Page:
Clinical findings

During our first examination, she presented with mild myopia (−1.5 diopters) and best-corrected visual acuity (BCVA) of 0.2 in the left eye, normal anterior segment, no cataract, and a partially pigmented yellowish ameboid lesion in the macular region. Small, round, cream-colored spots were observed in the perimacular region (Fig. 2a). BCVA in the right eye was 1 (−2 diopters). Anterior and posterior segments were both normal. Intraocular pressure was 14 mmHg in both eyes.

Fig. 2
figure2

Baseline.: a Left eye retinography: partially pigmented ameboid yellowish macular lesion and small, round, cream-colored spots in the perimacular area. b Left eye fluorescein angiography: active choroidal macular neovascularization and hyperfluorescent spots near the fovea with no modification over time (atrophic changes). c Right eye fluorescein angiography: leakage in the periphery

Diagnostic assessment

Multimodal imaging was carried out and demonstrated active retinal vasculitis in the right eye (Figs. 2c, 3a) (undetectable on ophthalmoscopy) and active CNV in combination with multiple chorioretinal scars in the left eye (Figs. 2a, b, 3b).

Fig. 3
figure3

Indocyanine green angiography. a Right eye: normal. b Left eye: hypocyanescent annular rim of the perimacular lesions, with mild central hypercyanescence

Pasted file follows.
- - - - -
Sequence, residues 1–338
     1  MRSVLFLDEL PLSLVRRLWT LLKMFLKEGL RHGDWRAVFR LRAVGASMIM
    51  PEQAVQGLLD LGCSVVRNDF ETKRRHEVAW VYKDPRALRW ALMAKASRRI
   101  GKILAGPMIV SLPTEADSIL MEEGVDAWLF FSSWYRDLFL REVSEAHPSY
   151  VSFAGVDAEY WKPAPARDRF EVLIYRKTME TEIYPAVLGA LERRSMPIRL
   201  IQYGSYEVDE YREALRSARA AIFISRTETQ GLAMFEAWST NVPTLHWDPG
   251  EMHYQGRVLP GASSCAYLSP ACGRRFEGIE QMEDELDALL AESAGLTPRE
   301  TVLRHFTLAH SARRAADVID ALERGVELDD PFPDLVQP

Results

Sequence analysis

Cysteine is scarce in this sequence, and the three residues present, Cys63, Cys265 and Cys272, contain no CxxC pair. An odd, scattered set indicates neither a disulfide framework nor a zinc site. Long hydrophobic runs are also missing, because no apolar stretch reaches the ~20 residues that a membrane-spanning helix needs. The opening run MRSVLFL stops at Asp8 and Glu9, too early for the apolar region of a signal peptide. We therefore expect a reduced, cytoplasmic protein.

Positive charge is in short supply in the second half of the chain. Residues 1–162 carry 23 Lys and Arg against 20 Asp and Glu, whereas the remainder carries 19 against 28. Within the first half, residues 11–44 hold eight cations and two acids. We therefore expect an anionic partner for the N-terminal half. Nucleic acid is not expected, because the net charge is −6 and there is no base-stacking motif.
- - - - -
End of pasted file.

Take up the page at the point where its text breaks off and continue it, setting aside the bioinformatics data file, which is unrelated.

The clinical history of the patient, the signs of retinal vasculitis in the contralateral eye and the mild myopia suggested an investigation of possible infectious retinal disease as differential diagnosis.

Therefore, we performed a complete workup for uveitis including Mantoux skin test and QuantiFERON-TB Gold test, Venereal Disease Research Laboratory (VDRL) and Treponema pallidum particle agglutination (TPHA) tests, anti-Toxoplasma and anti-Toxocara antibodies, antiviral antibodies (Herpes simplex virus type-1 [HSV1], Herpes simplex virus type-2 [HSV2], Epstein-Barr virus [EBV], Cytomegalovirus [CMV], Varicella-zoster virus [VZV]), anti-Brucella, anti-Bartonella and anti-Rickettsia antibodies and blood cell count, along with erythrocyte sedimentation rate, C-reactive protein, and liver and kidney evaluation tests. Furthermore, considering the latest news reporting some cases of West Nile in the northern part of Italy, where the patient had spent some months, we also investigated for West Nile IgM and IgG antibodies. The laboratory results showed an increase in lymphocytes, erythrocyte sedimentation rate and C-reactive protein, and positivity for anti-West Nile virus IgM, while IgG was negative.